At the White House correspondents’ dinner, President Obama said, “I remember when BuzzFeed was just something I did in college after 2 a.m.”
Indeed, while the website founded by MIT grad and Huffington Post co-founder Jonah Peretti is 7-years old, until recent months, BuzzFeed might have been something only college students were reading at 2 a.m., searching for LOL cats and photo bombs that they could share on Facebook.
But all that is changing and it feels as if suddenly, BuzzFeed has all the media buzz.
- Propelled by high-profile news events such as the Newtown shooting and Boston Marathon bombings, the site seemed to intuit exactly what readers wanted during and after the crisis and its content was even more viral than usual. In January, the site had about 30 million unique visitors. In April, that number had spiked to 65 million uniques. The New York Times’ website has nearly 29 million monthly uniques.
In the horrifying moments after the Boston Marathon bombings, after ensuring that everyone we knew was safe, we told all clients who might have scheduled tweets to shut them off. Some of them already had and some were shocked that it took almost 20 minutes to finally stop the process.
Thankfully, having a business Twitter blackout has become standard procedure during any crisis because a brand’s social chatter – even if it’s not self-promotional – seems wrong when people are trawling for vital information about breaking news. Going silent is the digital equivalent of giving a fire truck the necessary 500-foot perimeter to do its job. Get out of the way of the #disaster hashtag.
Last month, as I was trawling Twitter, I experienced one of those moments of truth that often lead to a blog post. “Stop the Madness! Why do we spam the crap out of each other #CRE?” It was an excellent question from @TenantAdvisor. His screenshot (above) showed a whole bunch of emails from the real estate world; no doubt property listings or announcements about recent transactions.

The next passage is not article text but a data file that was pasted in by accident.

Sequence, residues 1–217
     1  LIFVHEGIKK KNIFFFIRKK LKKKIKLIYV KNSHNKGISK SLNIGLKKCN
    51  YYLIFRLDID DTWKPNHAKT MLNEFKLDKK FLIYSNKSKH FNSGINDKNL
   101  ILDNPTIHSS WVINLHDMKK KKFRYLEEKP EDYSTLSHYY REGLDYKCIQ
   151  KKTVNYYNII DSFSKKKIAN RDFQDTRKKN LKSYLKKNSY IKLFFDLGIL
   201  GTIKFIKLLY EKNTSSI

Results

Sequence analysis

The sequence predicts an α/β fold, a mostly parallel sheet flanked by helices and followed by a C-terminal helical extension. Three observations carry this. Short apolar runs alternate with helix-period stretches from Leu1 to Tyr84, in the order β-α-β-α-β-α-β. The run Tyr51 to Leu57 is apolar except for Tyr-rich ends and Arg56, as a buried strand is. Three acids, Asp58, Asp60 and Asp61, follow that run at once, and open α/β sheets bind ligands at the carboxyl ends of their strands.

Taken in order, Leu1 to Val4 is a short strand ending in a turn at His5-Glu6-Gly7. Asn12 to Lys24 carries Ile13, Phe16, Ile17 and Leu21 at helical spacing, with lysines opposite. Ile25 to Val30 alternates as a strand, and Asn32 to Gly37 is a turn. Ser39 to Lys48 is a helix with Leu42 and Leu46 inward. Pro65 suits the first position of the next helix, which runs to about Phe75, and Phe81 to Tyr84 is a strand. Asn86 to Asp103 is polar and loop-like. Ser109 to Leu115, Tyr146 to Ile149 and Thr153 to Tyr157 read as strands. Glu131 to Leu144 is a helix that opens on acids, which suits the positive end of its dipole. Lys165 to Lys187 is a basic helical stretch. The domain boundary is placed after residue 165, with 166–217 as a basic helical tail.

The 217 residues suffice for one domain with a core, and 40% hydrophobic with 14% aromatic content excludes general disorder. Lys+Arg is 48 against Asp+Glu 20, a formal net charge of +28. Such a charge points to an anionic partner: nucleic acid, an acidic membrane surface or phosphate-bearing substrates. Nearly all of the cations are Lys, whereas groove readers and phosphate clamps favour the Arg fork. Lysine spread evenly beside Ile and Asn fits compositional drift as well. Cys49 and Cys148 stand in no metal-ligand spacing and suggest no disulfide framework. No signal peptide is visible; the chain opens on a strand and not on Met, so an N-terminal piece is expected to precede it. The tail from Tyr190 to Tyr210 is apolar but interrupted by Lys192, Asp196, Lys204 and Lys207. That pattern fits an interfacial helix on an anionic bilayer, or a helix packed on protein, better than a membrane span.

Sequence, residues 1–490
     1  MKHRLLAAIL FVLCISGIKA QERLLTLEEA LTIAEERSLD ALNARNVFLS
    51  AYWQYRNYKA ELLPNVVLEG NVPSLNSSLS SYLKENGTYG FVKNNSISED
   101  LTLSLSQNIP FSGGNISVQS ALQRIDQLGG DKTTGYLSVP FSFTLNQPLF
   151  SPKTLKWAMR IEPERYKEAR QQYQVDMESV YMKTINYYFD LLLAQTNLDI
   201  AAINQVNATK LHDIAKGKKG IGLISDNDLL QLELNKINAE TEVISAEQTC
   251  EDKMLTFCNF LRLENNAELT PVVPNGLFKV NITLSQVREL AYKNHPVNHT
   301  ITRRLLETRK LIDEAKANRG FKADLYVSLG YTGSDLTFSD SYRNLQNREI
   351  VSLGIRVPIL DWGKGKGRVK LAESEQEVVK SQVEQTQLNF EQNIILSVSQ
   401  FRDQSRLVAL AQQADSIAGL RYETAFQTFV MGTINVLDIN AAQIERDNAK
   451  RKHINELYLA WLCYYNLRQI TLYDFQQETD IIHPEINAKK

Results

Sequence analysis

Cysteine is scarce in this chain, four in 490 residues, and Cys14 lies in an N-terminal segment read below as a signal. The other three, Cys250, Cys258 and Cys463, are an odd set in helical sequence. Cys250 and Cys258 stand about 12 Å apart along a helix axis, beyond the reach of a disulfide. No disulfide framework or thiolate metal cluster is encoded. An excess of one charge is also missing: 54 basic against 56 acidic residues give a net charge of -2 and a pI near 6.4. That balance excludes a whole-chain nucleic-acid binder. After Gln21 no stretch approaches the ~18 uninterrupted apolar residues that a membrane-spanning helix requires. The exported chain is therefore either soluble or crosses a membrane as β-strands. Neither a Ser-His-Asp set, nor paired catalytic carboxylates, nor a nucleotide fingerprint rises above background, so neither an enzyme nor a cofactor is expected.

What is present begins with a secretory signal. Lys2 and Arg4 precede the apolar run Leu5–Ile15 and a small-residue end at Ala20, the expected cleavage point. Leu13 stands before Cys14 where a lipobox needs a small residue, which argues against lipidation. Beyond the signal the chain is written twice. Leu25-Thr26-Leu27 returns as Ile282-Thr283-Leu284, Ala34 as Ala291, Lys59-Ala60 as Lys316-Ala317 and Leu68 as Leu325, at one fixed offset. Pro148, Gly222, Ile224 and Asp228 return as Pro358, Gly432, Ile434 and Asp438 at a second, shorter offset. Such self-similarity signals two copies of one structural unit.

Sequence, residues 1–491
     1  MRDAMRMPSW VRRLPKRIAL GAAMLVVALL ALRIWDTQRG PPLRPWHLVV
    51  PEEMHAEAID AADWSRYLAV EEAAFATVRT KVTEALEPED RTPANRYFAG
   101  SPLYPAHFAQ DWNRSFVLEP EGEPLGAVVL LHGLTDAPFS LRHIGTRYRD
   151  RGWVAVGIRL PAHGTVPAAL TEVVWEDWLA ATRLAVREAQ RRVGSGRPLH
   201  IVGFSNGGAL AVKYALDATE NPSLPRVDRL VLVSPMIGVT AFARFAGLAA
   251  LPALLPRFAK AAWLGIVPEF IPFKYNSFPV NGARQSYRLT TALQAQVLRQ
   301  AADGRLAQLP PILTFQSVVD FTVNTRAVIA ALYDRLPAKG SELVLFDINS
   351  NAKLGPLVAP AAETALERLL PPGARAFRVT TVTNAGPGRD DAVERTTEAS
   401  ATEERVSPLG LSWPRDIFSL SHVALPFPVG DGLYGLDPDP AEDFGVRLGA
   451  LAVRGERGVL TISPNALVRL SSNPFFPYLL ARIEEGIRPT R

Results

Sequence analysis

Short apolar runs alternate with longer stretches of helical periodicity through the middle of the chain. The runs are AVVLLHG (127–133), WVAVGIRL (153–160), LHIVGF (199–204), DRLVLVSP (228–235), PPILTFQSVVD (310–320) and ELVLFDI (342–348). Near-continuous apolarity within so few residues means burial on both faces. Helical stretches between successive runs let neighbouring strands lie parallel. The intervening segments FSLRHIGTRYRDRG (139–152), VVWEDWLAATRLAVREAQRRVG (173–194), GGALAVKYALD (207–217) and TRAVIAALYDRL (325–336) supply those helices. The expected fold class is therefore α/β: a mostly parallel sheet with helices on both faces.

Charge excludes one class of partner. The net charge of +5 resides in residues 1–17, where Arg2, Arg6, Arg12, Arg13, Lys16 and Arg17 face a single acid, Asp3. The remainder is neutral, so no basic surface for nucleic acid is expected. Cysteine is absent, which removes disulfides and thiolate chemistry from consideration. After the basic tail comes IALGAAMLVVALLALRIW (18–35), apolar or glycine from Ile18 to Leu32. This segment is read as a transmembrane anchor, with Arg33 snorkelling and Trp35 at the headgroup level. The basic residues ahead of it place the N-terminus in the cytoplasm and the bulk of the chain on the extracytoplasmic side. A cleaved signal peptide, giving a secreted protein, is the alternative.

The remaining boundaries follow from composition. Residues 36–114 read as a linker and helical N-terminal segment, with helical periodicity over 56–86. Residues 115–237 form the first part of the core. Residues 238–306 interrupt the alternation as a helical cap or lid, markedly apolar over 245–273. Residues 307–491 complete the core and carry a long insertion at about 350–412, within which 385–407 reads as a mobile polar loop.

This is especially true in the brokerage community, where deal flow means everything, competition is fierce, and an old-school approach to marketing is pervasive. But when everyone else is doing lead generation the same way, namely by email and even cold calls or printed fliers, it is simply not effective, as I explained in a previous post.
First, let me say that doing the Pope’s PR would be a really hard job, even for a Catholic. He’s controversial in some quarters, his audience is spread around the globe, and his message needs to be translated into many languages. Critics also say the Holy See lacks transparency and is clinging to historic doctrine at a time of global social change. But on top of that, its communications methods are quaint: Latin Mass still happens, and news of Pope Francis first went out by smoke signal (ok, that might be more high-tech than you think).
Of course, not all of the church’s problems can be solved by PR. But there are a few obvious communications tactics that could create the perception of real change and perhaps even lead to it.